Salish Sea Marine Survival Project Publication #10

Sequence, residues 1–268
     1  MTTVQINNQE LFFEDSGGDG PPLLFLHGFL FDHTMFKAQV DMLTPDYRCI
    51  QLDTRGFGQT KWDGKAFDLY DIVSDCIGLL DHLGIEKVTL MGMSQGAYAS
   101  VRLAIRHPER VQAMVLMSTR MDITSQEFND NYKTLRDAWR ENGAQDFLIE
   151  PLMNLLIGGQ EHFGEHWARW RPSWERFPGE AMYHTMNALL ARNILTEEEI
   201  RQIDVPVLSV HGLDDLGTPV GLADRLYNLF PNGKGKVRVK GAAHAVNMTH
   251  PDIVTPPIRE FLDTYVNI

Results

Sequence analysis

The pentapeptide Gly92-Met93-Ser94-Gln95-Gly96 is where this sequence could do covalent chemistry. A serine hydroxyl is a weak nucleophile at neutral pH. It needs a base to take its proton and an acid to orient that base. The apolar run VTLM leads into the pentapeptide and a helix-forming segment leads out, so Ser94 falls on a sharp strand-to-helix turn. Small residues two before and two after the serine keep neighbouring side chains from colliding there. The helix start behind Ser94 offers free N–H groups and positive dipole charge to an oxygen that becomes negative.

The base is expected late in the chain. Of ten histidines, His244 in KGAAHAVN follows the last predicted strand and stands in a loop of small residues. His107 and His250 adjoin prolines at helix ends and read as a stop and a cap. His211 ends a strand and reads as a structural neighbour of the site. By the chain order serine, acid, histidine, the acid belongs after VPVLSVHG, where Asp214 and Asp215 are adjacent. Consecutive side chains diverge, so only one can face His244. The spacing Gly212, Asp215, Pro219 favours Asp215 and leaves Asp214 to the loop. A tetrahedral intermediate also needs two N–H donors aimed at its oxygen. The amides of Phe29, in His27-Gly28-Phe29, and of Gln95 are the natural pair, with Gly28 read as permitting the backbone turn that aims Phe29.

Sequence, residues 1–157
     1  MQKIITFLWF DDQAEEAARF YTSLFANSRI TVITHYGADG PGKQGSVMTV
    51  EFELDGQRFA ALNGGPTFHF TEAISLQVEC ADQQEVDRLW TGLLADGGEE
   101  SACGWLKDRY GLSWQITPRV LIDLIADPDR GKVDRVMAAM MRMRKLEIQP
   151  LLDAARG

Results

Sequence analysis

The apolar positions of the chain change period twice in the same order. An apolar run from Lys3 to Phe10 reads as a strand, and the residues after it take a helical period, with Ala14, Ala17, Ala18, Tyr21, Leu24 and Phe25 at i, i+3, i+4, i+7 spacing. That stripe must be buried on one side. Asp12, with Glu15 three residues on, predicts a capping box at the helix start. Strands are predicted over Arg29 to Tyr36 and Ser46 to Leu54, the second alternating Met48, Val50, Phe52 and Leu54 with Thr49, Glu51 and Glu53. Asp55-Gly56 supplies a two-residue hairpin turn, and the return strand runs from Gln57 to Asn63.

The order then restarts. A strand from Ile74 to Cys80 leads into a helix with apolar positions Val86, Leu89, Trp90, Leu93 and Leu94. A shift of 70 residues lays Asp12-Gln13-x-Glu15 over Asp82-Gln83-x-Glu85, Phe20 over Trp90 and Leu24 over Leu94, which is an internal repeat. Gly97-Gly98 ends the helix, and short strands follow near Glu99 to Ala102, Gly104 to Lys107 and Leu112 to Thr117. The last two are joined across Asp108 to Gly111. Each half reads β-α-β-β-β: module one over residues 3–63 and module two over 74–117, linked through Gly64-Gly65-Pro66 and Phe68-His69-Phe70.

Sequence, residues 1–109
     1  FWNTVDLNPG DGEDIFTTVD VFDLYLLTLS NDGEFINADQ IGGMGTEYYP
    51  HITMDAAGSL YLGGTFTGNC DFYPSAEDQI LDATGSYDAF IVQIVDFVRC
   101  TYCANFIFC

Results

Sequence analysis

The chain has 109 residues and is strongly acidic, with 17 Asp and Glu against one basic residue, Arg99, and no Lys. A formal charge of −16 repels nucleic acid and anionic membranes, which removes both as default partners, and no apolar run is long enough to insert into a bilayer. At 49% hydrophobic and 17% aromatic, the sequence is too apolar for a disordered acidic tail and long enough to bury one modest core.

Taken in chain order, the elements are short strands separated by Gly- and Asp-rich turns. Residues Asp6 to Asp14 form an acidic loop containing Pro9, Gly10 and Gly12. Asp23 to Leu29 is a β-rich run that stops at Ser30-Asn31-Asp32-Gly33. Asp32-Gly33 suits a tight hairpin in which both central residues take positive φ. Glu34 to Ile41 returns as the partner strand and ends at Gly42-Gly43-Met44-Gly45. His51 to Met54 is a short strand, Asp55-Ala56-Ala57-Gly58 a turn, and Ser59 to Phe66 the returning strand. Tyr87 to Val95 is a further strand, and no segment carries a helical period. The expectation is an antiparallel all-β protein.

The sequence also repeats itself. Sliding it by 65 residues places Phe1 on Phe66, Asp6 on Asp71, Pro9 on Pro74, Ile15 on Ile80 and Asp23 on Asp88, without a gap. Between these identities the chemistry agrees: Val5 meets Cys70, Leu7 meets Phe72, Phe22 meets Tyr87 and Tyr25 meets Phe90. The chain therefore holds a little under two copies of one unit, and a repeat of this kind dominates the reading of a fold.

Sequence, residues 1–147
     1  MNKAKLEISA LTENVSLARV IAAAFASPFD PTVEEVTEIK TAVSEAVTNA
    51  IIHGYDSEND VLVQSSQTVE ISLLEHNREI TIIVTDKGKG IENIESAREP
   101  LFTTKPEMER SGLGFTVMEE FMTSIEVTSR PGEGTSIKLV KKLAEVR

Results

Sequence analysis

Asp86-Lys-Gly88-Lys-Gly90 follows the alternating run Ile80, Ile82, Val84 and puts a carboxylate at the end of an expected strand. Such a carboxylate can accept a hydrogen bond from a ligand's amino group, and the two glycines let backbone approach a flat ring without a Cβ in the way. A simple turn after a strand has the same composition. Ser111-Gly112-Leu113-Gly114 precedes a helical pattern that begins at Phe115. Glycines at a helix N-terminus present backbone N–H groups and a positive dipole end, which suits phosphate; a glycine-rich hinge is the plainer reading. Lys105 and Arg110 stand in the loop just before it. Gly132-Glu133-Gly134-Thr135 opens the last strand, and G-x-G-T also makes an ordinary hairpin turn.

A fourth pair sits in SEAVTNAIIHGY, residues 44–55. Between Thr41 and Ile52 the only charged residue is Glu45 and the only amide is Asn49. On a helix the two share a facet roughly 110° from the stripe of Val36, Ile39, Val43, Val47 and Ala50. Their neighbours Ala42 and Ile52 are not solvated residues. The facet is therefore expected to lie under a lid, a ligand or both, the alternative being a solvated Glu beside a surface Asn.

Salish Sea Marine Survival Project researchers tracked two groups of acoustically-tagged steelhead migrating through the Strait of Georgia. The first group of steelhead was allowed to outmigrate naturally. The first group’s survival was poorest in the river and at marine entry. The second group of steelhead was released directly into the marine environment, and their survival through Strait of Georgia was more than double the first group. This suggests that the nearshore environment after ocean entry is a region of high mortality for steelhead. Researchers also noted route-specific survival rates, indicating that a steelhead’s migration path through the Strait of Georgia can impact its overall chance of survival. Read more: Healy et al. (2017) Route-specific movements and survival during early marine migration of hatchery steelhead Oncorhynchus mykiss smolts in coastal British Columbia. DOI: 10.3354/meps12238